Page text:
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Seo v. Suk Oh

United States District Court, District of Columbia

September 26, 2019

KANG KYU SEO, et al., Plaintiffs,
v.
CHARLES MOON SUK OH, et al., Defendants.

          MEMORANDUM OPINION AND ORDER

          RANDOLPH D. MOSS United States District Judge

         Courts must, at times, balance the judicial interest in requiring timely compliance with discovery schedules and the judicial interest in deciding cases on the merits. This is such a case.

         Plaintiffs are four former employees of Charlie’s Corner, a liquor store located in Washington, D.C. Dkt. 1 at 1–2 (Compl.). They allege that the store is owned by Defendants Charles Moon Suk Oh and Wade Road Inc. and that Defendants willfully failed to pay them minimum wages and overtime wages in violation of the Federal Fair Labor Standards Act of 1938, as amended, 29 U.S.C. § 201 et seq. (“FLSA”), and the District of Columbia Wage Payment and Collection Law (“DCWPCL”), D.C. Code § 32-1301 et seq. Id. at 1–2 (Compl.). On September 10, 2018, Plaintiffs’ counsel served requests for admission, interrogatories, and document requests on Defendants. See Dkt. 12 at 2 (Pls.’ Mot. Summ. J.). By the time discovery closed on December 28, 2018, however, Defendants had not responded to any of these requests. Dkt. 12-1 (Pls.’ Discovery Request). So, five days later, Plaintiffs moved for summary judgment, relying principally on Federal Rule of Civil Procedure 36(a)(3), which deemed each of their requests for admission “admitted” because Defendants failed to timely answer or object. Dkt. 12 (Pls.’ Mot. for Summ. J.). In response, Defendants have sought leave under Federal Rule of Civil Procedure 36(b) to withdraw or amend their (non)responses, Dkt. 14, and, on the assumption that Court will grant that relief, have opposed Plaintiffs’ motion for summary judgment, Dkt. 13.

         For the reasons discussed below, the Court will grant Defendants’ motion for leave to withdraw or amend their (non)responses; will direct that Defendants fully respond to all outstanding discovery requests within 21 days of this order; will award Plaintiffs reasonable attorneys’ fees for the cost of preparing their motion for summary judgment; and will deny Plaintiffs’ motion for summary judgment without prejudice.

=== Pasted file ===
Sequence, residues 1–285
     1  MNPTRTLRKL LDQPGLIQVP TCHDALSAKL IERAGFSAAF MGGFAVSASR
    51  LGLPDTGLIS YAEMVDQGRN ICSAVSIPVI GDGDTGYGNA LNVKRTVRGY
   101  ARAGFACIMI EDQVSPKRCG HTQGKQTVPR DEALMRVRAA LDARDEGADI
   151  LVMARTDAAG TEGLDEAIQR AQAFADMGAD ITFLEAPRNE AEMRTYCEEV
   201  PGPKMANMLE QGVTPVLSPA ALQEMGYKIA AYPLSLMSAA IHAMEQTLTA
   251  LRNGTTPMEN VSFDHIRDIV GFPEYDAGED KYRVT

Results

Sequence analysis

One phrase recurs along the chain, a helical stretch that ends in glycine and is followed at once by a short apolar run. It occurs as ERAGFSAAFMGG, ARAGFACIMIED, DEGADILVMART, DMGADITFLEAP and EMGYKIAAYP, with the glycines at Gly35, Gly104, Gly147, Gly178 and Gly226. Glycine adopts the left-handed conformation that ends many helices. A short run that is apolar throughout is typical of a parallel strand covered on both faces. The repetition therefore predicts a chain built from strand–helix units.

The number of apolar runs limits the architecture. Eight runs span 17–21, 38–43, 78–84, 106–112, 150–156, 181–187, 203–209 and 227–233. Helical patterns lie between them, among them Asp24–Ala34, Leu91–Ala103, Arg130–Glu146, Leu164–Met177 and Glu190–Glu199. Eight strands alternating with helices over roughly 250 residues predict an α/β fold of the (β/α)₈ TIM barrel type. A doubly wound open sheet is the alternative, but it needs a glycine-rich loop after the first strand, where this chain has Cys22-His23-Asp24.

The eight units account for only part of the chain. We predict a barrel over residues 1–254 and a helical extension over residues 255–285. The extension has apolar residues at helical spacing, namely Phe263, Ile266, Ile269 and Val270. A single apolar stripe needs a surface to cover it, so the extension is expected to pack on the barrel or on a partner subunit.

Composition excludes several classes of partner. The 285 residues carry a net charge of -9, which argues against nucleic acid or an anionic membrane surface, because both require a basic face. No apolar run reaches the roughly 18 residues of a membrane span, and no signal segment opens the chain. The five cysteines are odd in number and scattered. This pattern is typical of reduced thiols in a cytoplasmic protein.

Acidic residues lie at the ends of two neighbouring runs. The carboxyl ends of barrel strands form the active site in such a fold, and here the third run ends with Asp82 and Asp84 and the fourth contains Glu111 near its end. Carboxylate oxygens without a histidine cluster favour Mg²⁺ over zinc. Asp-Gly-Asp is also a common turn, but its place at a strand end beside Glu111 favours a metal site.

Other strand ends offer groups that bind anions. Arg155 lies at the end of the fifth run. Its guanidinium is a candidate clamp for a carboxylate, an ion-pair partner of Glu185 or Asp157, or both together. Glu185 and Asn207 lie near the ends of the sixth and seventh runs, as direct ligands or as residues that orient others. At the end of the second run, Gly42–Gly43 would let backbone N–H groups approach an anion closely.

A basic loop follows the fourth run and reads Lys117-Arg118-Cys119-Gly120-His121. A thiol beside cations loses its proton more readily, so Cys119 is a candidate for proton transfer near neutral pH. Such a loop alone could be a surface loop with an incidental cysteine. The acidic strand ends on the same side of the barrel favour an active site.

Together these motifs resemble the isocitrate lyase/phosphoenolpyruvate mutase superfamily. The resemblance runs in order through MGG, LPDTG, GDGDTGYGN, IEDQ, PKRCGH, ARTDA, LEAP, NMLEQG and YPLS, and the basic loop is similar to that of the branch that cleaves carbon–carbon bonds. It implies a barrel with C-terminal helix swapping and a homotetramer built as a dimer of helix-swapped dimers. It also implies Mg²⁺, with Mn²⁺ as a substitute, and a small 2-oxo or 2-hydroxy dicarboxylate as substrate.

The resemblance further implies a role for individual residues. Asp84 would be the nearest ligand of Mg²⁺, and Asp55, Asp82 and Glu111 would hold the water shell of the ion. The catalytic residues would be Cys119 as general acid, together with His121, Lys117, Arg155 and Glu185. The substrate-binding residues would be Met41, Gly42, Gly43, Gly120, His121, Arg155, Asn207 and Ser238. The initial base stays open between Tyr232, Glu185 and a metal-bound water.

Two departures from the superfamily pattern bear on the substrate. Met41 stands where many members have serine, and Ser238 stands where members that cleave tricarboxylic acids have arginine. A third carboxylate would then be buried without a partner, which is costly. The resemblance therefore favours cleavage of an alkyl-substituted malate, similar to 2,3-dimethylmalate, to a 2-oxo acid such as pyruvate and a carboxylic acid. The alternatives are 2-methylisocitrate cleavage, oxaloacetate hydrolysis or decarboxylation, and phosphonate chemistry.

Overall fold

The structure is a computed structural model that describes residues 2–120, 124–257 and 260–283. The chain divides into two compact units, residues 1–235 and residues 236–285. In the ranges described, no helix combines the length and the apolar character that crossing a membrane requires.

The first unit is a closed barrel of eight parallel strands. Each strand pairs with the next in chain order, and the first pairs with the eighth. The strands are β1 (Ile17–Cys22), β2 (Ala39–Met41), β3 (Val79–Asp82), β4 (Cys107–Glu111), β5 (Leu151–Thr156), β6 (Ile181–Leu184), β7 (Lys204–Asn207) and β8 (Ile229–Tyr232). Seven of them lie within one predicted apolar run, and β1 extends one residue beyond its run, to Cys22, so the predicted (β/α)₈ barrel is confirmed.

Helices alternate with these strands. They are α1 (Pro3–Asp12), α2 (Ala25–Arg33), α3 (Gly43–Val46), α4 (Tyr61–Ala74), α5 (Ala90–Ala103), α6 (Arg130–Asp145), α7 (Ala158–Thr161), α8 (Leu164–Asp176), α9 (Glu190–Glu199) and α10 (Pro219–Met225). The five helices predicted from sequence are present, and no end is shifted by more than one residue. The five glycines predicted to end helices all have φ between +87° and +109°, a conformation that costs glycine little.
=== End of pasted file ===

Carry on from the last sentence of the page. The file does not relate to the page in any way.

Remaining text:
I. BACKGROUND

         A. The Pleadings

         On April 5, 2018, Plaintiffs filed this FLSA and DCWPCL action against Defendants, Charles Moon Suk Oh (“Oh”) and Wade Road, Inc (“WRI”), a corporation organized under District of Columbia law.[1] Dkt. 1 (Compl. 1–2). Oh is the owner of WRI; WRI, in turn, owns and operates Charlie’s Corner, a liquor store located in Washington, D.C. Dkt. 5 at 1–2 (Answer ¶¶ 3, 11). Plaintiffs Keong Kyu Seo, Danita Evette Chase, Michelle Johnson, and Tamora Agnew are all former employees of Charlie’s Corner. Dkt. 1 at (Compl. ¶ 5). They allege that Seo worked as a a cashier, although Defendants dispute this fact and allege that Seo was actually the store manager; Plaintiffs and Defendants, however, agree that Seo was paid a monthly salary. See Dkt. 1 at 4 (Compl. ¶¶ 4, 18); Dkt. 5 at 8 (Answer ¶¶ 90, 92). Plaintiffs also allege that Chase, Johnson, and Agnew were each employed at Charlie’s Corner as cashiers earning $11 an hour; that Charlie’s Corner paid them for only about 20 or 30 hours each week, even though they worked longer hours; and that they were compensated for hours in excess of 20 or 30 hours a week only “occasionally.” See Dkt. 1 at 5–8 (Compl. ¶¶ 28–46). They further allege that to the extent they were paid for those additional hours, the compensation came in the form of cash or store credits. See Id . at 5–8 (Compl. ¶¶ 28–46).